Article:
What we can see are instances where IT does to support Great Business Experience (not succeeding in the “moment of truth”), IT is often not invited or trusted to be a strategic partner and discuss strategic issues/innovation. The problem is often that IT does not understand its role, how its value proposition and how we interact and communicate. The IT employees tend to focus more on operational issues (platforms, outsourcing, and lean projects) that does not direct contribute to business success. They communicate and interact from an IT perspective and not from a business perspective. This is not an operative issue but rather a performance management issue. We see more IT Business Relationship Manager roles to bridge the gap but still we tend to fail daily interaction. What is our identity? What are the business needs and how do we fulfill them? How do we interact and communicate?

Recommendations:

  1. Ask yourself: how does IT collaborate with business? What are the connection points where “moments of truth” appears? How are these managed?
  2. Build awareness: every IT employees are ambassadors of IT and need to take every opportunity to make a difference when in contact with business.
  3. Understand: what other “moment of truths” is there in your organization? Is there such a thing as Great Employee Experience?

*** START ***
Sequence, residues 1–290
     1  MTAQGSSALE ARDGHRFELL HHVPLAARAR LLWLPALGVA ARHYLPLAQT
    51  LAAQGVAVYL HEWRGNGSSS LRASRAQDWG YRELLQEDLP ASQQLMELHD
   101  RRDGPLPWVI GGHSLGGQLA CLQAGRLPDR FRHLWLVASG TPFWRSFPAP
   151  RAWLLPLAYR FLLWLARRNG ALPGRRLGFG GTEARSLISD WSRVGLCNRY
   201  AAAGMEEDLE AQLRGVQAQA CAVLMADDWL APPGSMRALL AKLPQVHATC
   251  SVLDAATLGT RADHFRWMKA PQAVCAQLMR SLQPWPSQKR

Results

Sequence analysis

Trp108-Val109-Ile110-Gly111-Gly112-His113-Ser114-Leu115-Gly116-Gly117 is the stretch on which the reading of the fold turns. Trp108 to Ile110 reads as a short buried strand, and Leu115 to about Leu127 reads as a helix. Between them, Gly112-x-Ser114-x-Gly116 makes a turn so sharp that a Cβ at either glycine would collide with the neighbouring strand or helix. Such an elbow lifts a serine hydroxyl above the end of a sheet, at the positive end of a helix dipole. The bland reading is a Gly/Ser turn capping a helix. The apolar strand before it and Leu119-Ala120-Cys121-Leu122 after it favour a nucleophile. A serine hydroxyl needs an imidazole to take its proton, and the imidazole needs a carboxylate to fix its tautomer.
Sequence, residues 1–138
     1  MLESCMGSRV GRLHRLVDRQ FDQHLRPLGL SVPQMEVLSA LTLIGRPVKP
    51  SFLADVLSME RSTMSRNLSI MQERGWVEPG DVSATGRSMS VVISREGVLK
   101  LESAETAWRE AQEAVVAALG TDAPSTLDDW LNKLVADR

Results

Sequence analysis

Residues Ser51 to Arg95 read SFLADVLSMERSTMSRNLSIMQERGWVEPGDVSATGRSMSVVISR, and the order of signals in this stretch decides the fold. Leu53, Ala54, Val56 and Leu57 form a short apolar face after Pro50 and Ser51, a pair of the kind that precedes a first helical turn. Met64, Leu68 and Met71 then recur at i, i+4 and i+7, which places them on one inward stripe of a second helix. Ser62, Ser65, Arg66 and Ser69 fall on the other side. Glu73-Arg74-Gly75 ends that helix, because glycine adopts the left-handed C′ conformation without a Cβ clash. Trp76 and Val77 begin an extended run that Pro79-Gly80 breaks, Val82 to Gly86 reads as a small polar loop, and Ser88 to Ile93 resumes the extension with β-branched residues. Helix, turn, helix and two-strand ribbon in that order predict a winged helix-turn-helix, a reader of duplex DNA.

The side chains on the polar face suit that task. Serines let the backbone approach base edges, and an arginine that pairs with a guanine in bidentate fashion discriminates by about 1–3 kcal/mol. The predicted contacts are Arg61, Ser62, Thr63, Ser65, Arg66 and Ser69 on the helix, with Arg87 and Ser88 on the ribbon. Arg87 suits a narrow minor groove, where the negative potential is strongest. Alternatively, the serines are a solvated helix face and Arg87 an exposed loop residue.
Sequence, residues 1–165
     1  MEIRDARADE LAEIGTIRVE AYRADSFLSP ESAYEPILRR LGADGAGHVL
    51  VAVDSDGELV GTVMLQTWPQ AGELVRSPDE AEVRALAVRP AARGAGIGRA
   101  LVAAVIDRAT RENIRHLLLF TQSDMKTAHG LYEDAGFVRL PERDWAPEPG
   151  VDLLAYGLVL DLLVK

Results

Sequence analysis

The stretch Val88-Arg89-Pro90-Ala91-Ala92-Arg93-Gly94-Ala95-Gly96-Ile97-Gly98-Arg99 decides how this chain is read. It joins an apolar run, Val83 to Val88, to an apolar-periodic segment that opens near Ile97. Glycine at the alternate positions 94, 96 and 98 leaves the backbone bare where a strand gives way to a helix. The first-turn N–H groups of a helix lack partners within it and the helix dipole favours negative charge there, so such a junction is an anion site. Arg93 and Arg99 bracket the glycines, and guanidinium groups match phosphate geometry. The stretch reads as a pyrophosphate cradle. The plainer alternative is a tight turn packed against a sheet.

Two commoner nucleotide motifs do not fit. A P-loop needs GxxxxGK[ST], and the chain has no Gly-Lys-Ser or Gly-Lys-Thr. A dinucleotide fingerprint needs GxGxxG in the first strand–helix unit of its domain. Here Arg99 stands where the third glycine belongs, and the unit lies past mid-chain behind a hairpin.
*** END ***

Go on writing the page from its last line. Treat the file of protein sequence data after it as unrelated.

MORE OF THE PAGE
4. Contact The Goodwind Company to understand how IT can deliver Great Business Experience!

After the ReTail Tech conference I travelled home to pick up my children at pre-school and had to wait 25 minutes for a delayed bus. In the “new normal”, I expect everything work smoothly without waiting times and this is obviously not possible a common Wednesday in central Stockholm with unpredictable traffic. No Great Customer Experience but what bothered me the most was the lack of information. In the end, I arrived late to the pre-school and my son was so happy to see me. It was pure joy far away from “moments of truth” discussions. Pure happiness!

– Hans Gillior

Do not hesitate to contact me on LinkedIn (https://www.linkedin.com/pub/hans-gillior/0/a36/285)